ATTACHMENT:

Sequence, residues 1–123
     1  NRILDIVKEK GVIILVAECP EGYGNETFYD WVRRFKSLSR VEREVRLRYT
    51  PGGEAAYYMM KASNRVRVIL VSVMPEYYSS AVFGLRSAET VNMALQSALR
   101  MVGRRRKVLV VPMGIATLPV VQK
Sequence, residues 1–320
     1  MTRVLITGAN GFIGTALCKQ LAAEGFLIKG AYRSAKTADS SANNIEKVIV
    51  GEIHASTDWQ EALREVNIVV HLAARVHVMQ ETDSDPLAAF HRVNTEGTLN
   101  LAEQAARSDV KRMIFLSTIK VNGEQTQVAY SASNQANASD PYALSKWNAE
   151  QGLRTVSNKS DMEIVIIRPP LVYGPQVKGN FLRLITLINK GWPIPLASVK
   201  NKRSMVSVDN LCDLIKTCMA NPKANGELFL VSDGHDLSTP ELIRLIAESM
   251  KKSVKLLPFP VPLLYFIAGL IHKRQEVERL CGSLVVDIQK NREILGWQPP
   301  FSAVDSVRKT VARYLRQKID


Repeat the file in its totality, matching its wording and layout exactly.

Sequence, residues 1–123
     1  NRILDIVKEK GVIILVAECP EGYGNETFYD WVRRFKSLSR VEREVRLRYT
    51  PGGEAAYYMM KASNRVRVIL VSVMPEYYSS AVFGLRSAET VNMALQSALR
   101  MVGRRRKVLV VPMGIATLPV VQK
Sequence, residues 1–320
     1  MTRVLITGAN GFIGTALCKQ LAAEGFLIKG AYRSAKTADS SANNIEKVIV
    51  GEIHASTDWQ EALREVNIVV HLAARVHVMQ ETDSDPLAAF HRVNTEGTLN
   101  LAEQAARSDV KRMIFLSTIK VNGEQTQVAY SASNQANASD PYALSKWNAE
   151  QGLRTVSNKS DMEIVIIRPP LVYGPQVKGN FLRLITLINK GWPIPLASVK
   201  NKRSMVSVDN LCDLIKTCMA NPKANGELFL VSDGHDLSTP ELIRLIAESM
   251  KKSVKLLPFP VPLLYFIAGL IHKRQEVERL CGSLVVDIQK NREILGWQPP
   301  FSAVDSVRKT VARYLRQKID